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Geared Unicycle Blog Post: three basic designs

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  • #31
    Originally posted by johnfoss View Post
    The amount of pull depends on the (vertical) offset between the wheel axle and pedal axle. The less offset, the less work involved. Like riding an artistic bike on the rear wheel, with one foot pedaling and the other on a rear foot peg. As you pull the handlebars up toward you, the amount of force required goes way down as the pedals get more above the axle. When you get it all the way up, it's not difficult at all.
    I think we do agree on this, minus the numbers. It would be easy to ride seated, riding standing would require pulling back on a handle... pulling how hard?

    It looks to me (by counting the chain links) that the Huni-Rex has the pedals offset about 4" . My seat base is about 24" up from the axle, so to offset my 180 lbs standing on the pedals, I would need 30 pounds of force pulling into the seatpost (4*180 == 24*30).

    But I'd be pulling mostly upward, toward my shoulder. Call it a 60 degree angle for easy math, and I have to pull with 2x the force - 60 lbs - to net 30 lbs back toward the seatpost.

    I think that's a lot, especially with one hand, and it's more than I would want to put into flexing a KH or other extension bar, but who knows. One thing riding unicycles teaches us is that people can get pretty good riding just about anything.

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    • #32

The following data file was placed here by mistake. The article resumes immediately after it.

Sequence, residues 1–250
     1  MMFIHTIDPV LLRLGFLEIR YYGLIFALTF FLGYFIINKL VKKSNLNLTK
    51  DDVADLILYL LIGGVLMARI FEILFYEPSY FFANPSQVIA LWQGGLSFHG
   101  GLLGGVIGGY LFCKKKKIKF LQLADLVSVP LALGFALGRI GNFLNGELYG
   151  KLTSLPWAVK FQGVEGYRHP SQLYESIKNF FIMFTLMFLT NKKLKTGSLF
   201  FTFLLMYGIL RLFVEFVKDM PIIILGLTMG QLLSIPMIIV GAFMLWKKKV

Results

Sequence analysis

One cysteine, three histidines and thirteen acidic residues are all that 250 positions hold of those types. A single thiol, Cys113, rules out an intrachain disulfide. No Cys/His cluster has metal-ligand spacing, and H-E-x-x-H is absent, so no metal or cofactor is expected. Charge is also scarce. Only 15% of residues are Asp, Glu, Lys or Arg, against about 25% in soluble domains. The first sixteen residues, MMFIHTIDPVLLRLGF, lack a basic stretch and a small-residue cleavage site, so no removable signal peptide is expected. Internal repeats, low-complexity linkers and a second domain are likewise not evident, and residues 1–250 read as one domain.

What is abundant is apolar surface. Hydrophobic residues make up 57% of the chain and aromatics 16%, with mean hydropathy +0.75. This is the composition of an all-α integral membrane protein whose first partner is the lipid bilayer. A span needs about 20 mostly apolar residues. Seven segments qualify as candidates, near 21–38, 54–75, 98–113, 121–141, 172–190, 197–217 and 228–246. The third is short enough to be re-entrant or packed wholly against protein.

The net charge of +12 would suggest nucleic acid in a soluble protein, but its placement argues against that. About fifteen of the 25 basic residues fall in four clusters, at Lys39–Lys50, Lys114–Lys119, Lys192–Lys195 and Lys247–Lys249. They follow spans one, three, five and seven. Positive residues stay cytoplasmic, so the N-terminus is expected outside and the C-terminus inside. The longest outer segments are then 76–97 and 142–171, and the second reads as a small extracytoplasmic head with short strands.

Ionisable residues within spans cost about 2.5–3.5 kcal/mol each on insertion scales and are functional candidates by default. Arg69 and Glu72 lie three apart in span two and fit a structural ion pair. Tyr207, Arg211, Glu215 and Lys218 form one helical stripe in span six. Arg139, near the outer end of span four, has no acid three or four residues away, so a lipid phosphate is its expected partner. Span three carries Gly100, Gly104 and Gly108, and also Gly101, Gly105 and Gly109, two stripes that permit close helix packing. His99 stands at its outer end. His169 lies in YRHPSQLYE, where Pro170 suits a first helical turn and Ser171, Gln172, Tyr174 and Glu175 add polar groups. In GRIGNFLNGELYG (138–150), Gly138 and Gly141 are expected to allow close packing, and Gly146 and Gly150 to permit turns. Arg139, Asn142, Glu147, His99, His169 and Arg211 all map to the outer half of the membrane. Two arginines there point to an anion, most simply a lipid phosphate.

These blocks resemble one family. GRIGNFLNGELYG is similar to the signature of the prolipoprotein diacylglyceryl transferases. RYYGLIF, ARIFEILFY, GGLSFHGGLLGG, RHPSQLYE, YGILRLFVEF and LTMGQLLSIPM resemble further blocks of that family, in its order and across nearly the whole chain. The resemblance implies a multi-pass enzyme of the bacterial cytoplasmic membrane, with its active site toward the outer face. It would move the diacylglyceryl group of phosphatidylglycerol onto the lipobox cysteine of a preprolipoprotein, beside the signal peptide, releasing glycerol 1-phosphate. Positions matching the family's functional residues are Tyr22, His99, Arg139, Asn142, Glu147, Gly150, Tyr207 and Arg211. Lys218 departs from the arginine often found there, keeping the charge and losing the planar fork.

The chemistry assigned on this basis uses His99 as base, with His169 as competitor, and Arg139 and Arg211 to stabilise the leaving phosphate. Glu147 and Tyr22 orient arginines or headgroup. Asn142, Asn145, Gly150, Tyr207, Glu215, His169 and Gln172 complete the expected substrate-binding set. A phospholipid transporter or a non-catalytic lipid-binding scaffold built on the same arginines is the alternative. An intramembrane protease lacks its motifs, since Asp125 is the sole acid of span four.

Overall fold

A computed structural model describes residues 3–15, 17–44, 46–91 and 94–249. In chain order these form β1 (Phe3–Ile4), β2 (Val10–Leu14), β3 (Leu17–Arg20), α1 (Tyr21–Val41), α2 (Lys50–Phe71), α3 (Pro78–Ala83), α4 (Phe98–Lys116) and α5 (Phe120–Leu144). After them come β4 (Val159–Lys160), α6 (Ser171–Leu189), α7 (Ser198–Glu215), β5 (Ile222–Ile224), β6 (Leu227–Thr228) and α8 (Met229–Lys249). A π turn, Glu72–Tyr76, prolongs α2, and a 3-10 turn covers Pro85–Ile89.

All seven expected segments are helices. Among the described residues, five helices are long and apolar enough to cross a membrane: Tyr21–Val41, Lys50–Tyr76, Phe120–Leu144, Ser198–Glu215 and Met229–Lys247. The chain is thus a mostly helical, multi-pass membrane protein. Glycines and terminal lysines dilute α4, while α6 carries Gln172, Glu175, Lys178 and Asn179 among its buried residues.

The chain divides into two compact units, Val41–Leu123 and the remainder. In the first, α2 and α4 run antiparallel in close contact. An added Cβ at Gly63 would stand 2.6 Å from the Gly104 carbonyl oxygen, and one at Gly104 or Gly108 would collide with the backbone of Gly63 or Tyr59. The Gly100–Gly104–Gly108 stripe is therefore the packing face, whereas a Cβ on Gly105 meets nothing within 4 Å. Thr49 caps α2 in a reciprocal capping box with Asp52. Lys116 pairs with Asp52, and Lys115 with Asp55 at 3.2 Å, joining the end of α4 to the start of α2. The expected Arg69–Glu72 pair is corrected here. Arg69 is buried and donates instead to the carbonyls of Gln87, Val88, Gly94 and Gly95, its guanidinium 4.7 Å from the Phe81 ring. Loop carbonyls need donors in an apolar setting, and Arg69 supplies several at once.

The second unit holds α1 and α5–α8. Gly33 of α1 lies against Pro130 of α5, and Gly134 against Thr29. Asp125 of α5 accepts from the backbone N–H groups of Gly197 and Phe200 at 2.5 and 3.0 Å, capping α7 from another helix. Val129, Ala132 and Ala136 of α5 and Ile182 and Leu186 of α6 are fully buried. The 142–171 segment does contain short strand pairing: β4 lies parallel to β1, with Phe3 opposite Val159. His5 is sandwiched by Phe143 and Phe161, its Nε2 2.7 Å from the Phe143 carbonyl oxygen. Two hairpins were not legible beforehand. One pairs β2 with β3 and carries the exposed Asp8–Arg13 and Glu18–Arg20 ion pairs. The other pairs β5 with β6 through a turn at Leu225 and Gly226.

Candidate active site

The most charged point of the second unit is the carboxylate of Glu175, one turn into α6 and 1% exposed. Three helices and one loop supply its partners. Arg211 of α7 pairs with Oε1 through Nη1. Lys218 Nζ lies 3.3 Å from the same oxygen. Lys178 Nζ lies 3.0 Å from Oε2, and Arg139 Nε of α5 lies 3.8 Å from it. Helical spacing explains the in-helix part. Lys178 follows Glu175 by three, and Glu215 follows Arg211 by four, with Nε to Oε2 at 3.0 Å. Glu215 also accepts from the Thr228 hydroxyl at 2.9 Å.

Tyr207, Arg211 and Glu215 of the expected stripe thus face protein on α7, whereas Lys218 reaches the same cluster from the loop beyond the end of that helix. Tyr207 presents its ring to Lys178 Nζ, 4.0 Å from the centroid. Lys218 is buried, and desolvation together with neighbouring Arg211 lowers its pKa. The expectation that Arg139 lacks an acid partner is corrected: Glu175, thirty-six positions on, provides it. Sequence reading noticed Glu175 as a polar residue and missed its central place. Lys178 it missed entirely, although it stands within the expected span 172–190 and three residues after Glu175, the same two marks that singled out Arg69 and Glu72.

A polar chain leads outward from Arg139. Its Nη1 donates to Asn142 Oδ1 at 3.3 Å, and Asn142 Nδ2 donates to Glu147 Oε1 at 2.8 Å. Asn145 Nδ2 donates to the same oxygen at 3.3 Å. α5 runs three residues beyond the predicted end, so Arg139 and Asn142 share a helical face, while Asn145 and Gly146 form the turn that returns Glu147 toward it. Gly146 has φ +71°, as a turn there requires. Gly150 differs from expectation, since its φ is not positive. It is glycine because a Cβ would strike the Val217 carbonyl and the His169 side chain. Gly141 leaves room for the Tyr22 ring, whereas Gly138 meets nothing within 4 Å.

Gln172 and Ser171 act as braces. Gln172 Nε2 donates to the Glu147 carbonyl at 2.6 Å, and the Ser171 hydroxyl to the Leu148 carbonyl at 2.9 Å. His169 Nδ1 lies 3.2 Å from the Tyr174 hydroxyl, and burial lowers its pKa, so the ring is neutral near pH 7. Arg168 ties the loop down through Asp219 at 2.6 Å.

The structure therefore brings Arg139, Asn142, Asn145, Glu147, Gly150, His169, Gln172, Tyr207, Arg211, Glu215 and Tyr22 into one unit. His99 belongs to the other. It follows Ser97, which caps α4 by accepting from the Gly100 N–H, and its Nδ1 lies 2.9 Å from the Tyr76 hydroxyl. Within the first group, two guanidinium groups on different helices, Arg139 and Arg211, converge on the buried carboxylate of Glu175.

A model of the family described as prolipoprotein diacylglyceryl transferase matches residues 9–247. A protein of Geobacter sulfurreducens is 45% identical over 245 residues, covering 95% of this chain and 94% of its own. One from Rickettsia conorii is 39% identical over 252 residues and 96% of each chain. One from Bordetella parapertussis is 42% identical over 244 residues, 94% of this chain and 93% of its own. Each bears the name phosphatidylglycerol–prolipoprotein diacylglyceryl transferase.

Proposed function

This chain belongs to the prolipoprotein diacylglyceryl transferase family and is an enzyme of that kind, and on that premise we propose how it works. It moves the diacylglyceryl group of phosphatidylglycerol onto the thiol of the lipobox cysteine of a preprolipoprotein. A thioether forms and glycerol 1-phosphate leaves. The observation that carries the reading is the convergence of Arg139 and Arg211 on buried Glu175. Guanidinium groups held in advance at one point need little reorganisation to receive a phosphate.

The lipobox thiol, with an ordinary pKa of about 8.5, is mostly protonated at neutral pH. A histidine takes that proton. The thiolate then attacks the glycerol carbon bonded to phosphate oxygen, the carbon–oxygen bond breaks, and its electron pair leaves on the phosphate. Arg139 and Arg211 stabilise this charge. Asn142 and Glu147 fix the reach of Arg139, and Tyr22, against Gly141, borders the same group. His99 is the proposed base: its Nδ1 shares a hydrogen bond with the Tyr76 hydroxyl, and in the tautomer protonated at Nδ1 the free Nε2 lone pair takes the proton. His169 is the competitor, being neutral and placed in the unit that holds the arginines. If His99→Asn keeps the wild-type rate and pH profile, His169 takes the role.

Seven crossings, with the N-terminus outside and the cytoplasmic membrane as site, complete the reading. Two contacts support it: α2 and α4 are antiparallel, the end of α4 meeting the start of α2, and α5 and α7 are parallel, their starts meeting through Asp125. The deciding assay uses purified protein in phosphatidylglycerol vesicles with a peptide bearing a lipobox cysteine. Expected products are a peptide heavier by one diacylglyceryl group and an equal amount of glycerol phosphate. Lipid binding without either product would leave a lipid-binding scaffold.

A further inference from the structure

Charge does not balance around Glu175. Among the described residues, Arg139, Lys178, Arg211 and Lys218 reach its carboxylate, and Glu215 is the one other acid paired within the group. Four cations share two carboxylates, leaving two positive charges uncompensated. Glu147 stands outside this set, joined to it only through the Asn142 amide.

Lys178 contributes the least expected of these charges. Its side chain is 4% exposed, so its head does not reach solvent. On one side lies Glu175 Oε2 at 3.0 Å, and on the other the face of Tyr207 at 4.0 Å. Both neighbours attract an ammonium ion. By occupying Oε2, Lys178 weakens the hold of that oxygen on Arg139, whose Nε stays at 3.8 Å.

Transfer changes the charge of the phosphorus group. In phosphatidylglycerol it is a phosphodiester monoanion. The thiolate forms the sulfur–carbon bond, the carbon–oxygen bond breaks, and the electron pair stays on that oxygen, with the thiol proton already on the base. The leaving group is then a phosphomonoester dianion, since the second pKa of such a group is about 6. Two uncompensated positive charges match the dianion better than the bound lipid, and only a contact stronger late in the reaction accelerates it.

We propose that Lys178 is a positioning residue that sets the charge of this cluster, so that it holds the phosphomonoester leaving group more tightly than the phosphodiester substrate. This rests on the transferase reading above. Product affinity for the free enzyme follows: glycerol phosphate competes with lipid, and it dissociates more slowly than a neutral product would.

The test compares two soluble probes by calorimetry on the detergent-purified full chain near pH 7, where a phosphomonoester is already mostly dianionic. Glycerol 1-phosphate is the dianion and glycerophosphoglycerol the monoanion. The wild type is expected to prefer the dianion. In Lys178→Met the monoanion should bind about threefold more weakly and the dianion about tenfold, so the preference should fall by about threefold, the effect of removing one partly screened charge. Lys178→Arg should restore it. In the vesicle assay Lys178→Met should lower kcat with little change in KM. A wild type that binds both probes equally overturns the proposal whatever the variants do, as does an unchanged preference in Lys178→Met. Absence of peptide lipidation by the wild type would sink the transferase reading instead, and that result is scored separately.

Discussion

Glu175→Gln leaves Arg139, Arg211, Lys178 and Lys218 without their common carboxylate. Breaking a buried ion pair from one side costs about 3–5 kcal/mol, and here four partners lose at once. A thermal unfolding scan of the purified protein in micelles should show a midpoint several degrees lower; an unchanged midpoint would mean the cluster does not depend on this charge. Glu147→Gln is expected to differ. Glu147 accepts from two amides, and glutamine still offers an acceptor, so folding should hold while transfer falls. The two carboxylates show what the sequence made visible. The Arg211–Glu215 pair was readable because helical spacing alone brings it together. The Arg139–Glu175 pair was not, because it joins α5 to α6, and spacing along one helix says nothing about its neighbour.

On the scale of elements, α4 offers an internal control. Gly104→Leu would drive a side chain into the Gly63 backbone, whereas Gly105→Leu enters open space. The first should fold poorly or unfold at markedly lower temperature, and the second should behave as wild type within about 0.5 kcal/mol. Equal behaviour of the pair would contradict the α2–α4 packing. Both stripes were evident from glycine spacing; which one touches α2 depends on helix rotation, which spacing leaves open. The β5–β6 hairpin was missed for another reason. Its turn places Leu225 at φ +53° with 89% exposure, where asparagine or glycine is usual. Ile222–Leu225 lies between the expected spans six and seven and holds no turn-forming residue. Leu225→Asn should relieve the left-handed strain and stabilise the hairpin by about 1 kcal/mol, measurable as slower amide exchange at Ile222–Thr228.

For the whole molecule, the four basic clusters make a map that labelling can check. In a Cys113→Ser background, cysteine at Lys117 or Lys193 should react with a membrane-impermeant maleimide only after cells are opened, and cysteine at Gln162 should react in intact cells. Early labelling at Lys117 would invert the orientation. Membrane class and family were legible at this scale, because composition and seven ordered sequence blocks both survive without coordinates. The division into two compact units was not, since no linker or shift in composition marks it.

Originally posted by Mikefule View Post
      Centre of rotation of the cranks behind the hub would require a very weird seating and riding position indeed.
      Unicycling: great for your thighs.

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      • #33
        It seems placing the pedals ahead or behind would only be an issue if the frame is kept straight. Pedals would be out of line from seat and ground contact. BUT if you bent or curved the frame slightly so all 3 were in line it should be fine. OR does that open another avenue of bad geometry?

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        • #34
          Fascinating article. I am still learning basic unicycling but love to at least read stuff like that!

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          • #35
            Originally posted by jona View Post
            It seems placing the pedals ahead or behind would only be an issue if the frame is kept straight. Pedals would be out of line from seat and ground contact. BUT if you bent or curved the frame slightly so all 3 were in line it should be fine. OR does that open another avenue of bad geometry?
            Think about that again...

            The relative positions of the seat, pedals and wheel are crucial. The shape of the frame that joins them is only relevant from the point of view of strength, rigidity and weight. You can't put the pedals in fromt of the wheel then curve the frame to put them in a different position, then say that there isn't a problem with them being in front of the wheel because you've just moved them to above the wheel!
            My first novel, Bridge of Otherwhere, Michael Wilkinson, on Kindle. A tale of subtle magic, mystery, friendship and love. Tinyurl.com/Bridge-of-Otherwhere For US$ page: TinyURL.com/OtherwhereBridge

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            • #36
              Another potential prob w/ the cranks forward or back of the axle is turning since your CoG would not be in line w/ the wheel.

              I considered this prob a while ago while considering full suspension designs (my idea is basically like the rear of a FS Treck bike).
              Last edited by skilewis74; 2012-12-14, 05:39 AM.
              Ride everywhere and never just ride anywhere. If you can ride where you are going within a hour, do it, and if you can do a trick 50-75% of the time do it along the way.- Bob Burnquist

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